The treatment does leave marble structures bright. But there are some who say it’s only a cosmetic process. Prof R Nath, a historian and founder of the Brij Mandal Heritage Conservation Society of Agra, says he’d warned the ASI that applying Fuller’s earth would only deface the monument. Brij Khandelwal, a journalist and environmentalist who is a member of the society, says that Fuller’s earth would make the marble patchy.

There’s also criticism from those involved in tourism. “People come here for pictures,” says Vishal Khandelwal, a photographer and social activist. “If the dome is covered in scaffolding for a year, it will hit tourism.” The peak tourism season is from September to March, and since the work could take up to April next year, this year’s business is more or less ruined, according to those in trades and services associated with tourism: photographers, guides, money-changers, hotels and restaurants, handicrafts and so on.

The root cause

The experts who commend the Fuller’s earth treatment are well aware that it’s the conservation equivalent of symptomatic relief. The cause of the Taj’s discolouration is heavy air pollution – from heavy traffic, from the many factories and industrial plants in the Taj trapezium zone (TTZ), from the glass factories, from the many petha (candied gourd, synonymous with Agra) makers, who release smoke in the air and dump the residue from petha-making directly into the Yamuna. There are brick kilns that spew smoke and soot in neighbouring Firozabad and Mathura, and there’s an IOC refinery in Mathura, which spews sulphurous fumes. A few of these units have been shut down – but only on paper.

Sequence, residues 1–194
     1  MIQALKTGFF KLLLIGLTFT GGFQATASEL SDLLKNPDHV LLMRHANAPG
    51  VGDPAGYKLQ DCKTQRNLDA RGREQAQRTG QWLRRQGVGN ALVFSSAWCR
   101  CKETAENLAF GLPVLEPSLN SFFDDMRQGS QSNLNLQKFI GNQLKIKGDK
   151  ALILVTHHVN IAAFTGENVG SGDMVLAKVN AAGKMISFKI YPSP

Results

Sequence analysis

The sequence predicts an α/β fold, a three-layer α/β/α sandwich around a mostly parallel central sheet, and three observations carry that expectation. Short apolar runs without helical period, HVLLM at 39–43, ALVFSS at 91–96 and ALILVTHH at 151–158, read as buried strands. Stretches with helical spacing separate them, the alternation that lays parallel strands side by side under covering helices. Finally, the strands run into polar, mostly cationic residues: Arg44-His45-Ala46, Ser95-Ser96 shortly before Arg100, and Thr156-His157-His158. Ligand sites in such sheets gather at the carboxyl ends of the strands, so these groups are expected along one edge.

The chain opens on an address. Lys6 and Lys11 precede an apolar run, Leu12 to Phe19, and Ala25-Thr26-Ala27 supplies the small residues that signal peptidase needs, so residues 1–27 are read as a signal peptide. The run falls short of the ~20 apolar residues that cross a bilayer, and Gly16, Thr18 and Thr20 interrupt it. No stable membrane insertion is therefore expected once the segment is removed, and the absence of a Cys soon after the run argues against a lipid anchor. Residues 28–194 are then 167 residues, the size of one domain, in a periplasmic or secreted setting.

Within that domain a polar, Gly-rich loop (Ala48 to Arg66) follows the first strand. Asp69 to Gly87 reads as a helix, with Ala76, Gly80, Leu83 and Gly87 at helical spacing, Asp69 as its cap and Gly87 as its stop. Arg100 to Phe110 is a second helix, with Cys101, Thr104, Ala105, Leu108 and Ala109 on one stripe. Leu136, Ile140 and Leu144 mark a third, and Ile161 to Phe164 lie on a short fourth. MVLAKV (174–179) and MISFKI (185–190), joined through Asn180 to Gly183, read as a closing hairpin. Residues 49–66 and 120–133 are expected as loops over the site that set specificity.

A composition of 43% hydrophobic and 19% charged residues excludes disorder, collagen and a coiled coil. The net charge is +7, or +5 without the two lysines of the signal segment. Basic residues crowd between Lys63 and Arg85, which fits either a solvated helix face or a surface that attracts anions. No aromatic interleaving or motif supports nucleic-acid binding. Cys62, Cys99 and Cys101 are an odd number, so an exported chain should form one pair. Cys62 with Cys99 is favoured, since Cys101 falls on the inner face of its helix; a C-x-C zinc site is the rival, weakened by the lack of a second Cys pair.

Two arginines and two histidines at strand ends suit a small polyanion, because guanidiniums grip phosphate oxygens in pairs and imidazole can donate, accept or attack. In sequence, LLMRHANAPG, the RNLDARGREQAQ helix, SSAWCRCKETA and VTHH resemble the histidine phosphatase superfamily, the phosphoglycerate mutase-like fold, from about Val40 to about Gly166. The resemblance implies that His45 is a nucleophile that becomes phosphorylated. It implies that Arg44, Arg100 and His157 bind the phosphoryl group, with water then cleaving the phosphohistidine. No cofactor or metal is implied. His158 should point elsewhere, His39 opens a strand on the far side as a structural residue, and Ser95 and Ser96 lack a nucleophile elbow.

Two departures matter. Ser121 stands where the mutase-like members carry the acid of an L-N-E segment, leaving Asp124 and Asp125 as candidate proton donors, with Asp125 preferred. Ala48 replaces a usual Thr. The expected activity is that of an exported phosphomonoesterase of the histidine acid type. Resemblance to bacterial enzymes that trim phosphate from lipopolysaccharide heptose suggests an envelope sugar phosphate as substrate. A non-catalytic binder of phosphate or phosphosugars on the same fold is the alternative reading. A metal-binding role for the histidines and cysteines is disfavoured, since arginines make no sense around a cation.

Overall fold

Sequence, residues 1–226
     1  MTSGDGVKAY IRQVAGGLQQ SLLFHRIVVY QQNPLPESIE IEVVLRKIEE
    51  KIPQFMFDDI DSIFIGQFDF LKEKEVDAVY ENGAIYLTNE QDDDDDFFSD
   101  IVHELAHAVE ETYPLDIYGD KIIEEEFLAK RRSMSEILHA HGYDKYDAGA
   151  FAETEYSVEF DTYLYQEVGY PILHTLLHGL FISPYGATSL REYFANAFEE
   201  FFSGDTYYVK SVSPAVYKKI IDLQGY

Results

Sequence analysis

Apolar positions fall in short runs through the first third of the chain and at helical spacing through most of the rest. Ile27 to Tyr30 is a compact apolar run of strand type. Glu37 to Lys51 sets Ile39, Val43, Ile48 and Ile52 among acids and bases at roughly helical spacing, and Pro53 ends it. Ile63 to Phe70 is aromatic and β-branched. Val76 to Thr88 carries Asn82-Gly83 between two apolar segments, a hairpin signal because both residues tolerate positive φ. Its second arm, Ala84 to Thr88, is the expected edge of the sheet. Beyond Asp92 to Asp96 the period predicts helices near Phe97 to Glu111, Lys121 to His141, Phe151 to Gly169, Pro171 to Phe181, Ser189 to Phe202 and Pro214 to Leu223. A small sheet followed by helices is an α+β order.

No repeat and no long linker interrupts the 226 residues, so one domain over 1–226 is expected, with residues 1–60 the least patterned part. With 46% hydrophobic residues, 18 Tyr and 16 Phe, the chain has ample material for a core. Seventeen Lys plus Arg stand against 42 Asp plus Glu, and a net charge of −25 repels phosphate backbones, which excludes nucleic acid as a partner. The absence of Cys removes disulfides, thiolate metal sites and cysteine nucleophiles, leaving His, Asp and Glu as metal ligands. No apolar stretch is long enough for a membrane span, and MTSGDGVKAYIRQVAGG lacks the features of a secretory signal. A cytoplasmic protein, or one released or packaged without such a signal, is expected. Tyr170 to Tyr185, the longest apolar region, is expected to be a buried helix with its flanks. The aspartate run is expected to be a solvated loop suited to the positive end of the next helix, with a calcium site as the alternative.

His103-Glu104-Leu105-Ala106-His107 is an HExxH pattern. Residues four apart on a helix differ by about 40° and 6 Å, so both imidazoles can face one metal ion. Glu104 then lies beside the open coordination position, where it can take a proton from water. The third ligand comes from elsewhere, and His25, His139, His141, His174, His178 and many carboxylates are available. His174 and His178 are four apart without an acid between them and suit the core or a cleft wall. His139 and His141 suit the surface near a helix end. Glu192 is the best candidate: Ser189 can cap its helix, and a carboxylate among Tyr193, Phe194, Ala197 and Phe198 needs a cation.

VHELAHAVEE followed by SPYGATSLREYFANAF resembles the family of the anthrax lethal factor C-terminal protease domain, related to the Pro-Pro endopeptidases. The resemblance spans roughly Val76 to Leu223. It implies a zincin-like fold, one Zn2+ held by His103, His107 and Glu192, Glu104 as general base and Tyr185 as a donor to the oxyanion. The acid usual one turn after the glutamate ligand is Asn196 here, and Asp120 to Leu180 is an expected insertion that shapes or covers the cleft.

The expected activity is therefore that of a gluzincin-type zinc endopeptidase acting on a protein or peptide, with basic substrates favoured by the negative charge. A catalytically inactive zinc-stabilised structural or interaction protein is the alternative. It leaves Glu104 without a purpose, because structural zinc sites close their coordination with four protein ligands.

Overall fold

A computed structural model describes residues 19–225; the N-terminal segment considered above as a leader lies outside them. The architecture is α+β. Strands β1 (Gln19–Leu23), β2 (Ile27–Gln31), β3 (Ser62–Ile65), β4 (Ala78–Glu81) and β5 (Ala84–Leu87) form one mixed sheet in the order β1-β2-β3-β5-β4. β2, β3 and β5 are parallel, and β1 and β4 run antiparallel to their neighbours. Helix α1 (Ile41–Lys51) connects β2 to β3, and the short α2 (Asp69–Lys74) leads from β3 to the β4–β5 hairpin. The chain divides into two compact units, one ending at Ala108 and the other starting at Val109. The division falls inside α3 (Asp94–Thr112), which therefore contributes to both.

Municipal solid waste (MSW), which includes everyday items like polybags, plastic items, newspapers, clothes and rotten food, is also increasing the pollution and damaging the Taj Mahal. Instead of being properly disposed of, much of the MSW in Agra and in the neighbouring districts of Firozabad, Mathura and Gwalior is being burnt in the open. Agra alone burns a shocking 223 tonnes of MSW daily on average, which is 24 percent of the total waste generated in the city, according to a report prepared by a team of American and Indian scientists. In comparison, the national capital Delhi burns 190-246 tonnes of MSW on average, which is only three percent of the total MSW generated, reveals the report published in the journal Environmental Research Letters in 2016.